Seattle's History -- A 10-Minute Slideshow

  • By Paul Dorpat
  • Posted 1/01/1999
  • HistoryLink.org Essay 7085

An obelisk commemorates the site at Alki Point, in present-day West Seattle, where in the fall of 1851 the Denny Party, led by Arthur Denny, first came ashore.

Less than one year later most of these Midwestern settlers moved from the Point and its exposed location on Elliott Bay to the protected eastern shore, the site of the future Seattle.

That spring, their hopes of building a prosperous community was aided mightily with the arrival of Henry Yesler, who established a steam sawmill.

Yesler's wife Sarah arrived from Ohio in 1858, and became a vital contributor to the new community. Here Sarah Yesler poses in 1859 on the front porch of their Pioneer Square home in the oldest surviving photograph of any part of Seattle.

Henry Yesler's sawmill, the first steam powered mill on Puget Sound, was for years the economic mainstay of the platted and proud but still unincorporated village.

The settlers named their community for Chief Seattle, the helpful Indian leader who in 1864 posed for Seattle's first resident photographer, E. M. Sammis.

Another of the photographer's surviving classics is this 1865 panorama of the then 14-year-old community.

The University of Washington was founded in 1861, and at first located in downtown Seattle. However, Asa Mercer, the first president of the school, is better remembered for his ...

"Mercer Girls": the entourage of single women he brought from New York to civilize the Wild West and also, it was hoped, find suitable husbands in Seattle. Many became teachers, one became a school superintendent, another, along with her father, a lighthouse keeper. They helped to found some of Seattle's oldest families.

By the late 1870s, coal from the eastside of Lake Washington had supplanted lumber as Seattle's principal export. The King Street Coal Wharf was the largest structure in town.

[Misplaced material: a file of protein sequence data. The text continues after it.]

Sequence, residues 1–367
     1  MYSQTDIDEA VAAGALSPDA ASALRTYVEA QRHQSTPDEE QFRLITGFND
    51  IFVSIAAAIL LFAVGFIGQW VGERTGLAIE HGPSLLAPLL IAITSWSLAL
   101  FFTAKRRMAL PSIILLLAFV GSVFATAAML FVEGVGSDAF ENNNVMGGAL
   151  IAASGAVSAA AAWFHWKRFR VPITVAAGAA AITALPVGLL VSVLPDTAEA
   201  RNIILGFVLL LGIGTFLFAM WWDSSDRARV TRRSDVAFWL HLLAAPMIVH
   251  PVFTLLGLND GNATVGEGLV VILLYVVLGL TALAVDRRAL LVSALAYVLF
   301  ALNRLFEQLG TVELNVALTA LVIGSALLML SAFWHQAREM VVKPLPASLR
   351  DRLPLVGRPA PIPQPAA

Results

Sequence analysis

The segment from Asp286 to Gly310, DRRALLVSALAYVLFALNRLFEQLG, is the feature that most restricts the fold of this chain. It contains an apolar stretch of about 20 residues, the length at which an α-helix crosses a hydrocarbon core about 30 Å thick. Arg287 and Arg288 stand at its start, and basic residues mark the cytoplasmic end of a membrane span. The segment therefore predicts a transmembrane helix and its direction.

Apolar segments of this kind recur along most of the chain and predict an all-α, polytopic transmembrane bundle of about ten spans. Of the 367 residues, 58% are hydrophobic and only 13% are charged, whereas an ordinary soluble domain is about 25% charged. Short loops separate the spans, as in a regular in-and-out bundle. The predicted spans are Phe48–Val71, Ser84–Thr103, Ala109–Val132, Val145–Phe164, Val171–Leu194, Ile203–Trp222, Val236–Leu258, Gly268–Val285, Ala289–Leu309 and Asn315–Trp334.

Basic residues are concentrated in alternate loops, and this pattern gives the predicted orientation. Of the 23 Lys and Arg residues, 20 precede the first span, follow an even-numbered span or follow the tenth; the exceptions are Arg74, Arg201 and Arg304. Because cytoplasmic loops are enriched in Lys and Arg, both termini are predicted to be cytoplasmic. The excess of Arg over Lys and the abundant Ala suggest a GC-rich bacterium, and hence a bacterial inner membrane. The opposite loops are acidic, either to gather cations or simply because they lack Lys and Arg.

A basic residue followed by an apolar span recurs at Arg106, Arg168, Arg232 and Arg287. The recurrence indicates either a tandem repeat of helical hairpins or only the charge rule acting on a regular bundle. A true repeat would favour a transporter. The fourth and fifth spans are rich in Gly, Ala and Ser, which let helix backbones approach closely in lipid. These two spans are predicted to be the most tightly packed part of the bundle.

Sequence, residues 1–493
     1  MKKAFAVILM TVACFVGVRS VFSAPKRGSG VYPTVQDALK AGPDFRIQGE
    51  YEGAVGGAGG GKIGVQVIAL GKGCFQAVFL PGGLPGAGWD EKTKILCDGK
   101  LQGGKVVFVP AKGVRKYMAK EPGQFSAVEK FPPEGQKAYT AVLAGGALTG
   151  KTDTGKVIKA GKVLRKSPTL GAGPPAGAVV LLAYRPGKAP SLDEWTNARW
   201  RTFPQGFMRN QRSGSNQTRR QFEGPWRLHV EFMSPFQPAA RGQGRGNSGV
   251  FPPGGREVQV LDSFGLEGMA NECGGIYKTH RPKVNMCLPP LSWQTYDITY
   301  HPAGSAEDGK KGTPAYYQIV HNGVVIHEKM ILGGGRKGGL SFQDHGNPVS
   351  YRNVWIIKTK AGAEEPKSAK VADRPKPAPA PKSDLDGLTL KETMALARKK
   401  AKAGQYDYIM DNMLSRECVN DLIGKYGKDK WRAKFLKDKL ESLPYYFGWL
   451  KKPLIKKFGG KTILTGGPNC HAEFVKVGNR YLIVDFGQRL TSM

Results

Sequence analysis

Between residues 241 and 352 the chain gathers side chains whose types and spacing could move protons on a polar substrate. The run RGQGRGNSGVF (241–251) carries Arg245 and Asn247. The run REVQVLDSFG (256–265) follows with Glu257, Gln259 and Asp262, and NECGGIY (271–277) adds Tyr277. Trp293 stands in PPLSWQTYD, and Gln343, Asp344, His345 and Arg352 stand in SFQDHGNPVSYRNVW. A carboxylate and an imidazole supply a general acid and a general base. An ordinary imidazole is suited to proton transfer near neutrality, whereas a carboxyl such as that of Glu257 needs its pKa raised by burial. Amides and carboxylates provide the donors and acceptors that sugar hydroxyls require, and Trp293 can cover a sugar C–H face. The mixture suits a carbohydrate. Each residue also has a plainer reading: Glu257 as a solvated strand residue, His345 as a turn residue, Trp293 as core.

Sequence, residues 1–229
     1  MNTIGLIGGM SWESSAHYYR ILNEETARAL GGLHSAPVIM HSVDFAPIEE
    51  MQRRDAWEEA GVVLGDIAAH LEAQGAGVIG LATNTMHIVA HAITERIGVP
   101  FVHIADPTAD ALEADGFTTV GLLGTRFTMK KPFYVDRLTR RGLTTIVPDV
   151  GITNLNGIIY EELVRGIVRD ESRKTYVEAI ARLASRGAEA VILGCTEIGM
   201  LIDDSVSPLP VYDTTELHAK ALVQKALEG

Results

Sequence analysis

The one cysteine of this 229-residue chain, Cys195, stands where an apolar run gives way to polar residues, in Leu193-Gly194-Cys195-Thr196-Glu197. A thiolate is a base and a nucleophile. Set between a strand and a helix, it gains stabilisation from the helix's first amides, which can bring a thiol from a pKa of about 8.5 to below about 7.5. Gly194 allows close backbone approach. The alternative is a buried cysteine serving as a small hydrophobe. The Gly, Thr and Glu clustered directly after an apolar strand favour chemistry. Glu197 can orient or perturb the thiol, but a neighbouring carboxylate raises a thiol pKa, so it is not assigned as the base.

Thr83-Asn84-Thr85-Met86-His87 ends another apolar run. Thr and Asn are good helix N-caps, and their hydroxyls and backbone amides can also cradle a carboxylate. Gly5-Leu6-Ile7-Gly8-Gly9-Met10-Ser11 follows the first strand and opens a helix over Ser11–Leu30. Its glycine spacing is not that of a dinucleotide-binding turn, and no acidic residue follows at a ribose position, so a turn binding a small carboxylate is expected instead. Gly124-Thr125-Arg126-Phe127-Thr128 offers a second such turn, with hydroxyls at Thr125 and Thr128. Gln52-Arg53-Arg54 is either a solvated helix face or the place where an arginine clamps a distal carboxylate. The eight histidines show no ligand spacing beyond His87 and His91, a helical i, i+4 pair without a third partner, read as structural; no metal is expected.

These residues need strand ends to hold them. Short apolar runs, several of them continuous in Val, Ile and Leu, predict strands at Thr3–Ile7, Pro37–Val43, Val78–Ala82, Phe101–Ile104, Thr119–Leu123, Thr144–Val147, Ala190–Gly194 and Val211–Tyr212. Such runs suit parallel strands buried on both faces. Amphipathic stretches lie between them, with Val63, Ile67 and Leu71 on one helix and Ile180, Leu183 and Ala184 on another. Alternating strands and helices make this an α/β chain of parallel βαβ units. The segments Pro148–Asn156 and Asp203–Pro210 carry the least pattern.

With a few more than 3,000 citizens, Seattle in 1880 was the second largest town in Washington Territory -- after Walla Walla. A sustained building boom followed and increased Seattle's population to more than 230,000 within 30 years.

As evidence of the growth of a city, this record of the Big Snow of 1880 looks east on Cherry Street from Pioneer Square and can be compared with the second view, photographed from the same site in 1912.

The Seattle story owed a good part of its success to its role as homeport for most of Puget Sound's "Mosquito Fleet" steamers.

Later, auto ferries pushed aside the small steamers, and the "World's First Streamlined Ferry," the Seattle-based Kalakala, became the international symbol of Puget Sound.

The 1884 introduction of horse trolleys inaugurated a system of franchised private street railways that was ...

soon electrified. The city purchased the system in 1919.

The "Great Fire" of June 6, 1889 reduced the firetrap business district to ruins ...

and destroyed more than 30 city blocks.

While it still smoldered, Seattle promoted itself as a "phoenix" that would quickly rise from its own ashes. One hundred and thirty new brick structures were built by the end of the year ...

many of them in what is now the landmark Pioneer Square Historic District.

Following the Great Fire, cable and electric interurbans were extended to Seattle's many new suburbs.

On the waterfront, Railroad Avenue was quickly extended from the shoreline on a timber trestle supporting nine parallel tracks above the tides.

In 1893, the transcontinental Great Northern Railway reached Seattle, but so did the great economic panic of that year.

The first picture shows Pioneer Square in 1893.

The second shows the Great Northern docks at Smith Cove in 1900.

The dull times that followed were at last discarded with the beginning of the Klondike Gold Rush in 1897. Gold was discovered in the Klondike River Valley in Canada, and the rush to Alaska and from there to the gold fields was on.

Seattle was the principal outfitter for the thousands of "traveling men" heading for the gold fields on the Klondike.

On their return the city shared in the wealth of the lucky few that struck it rich.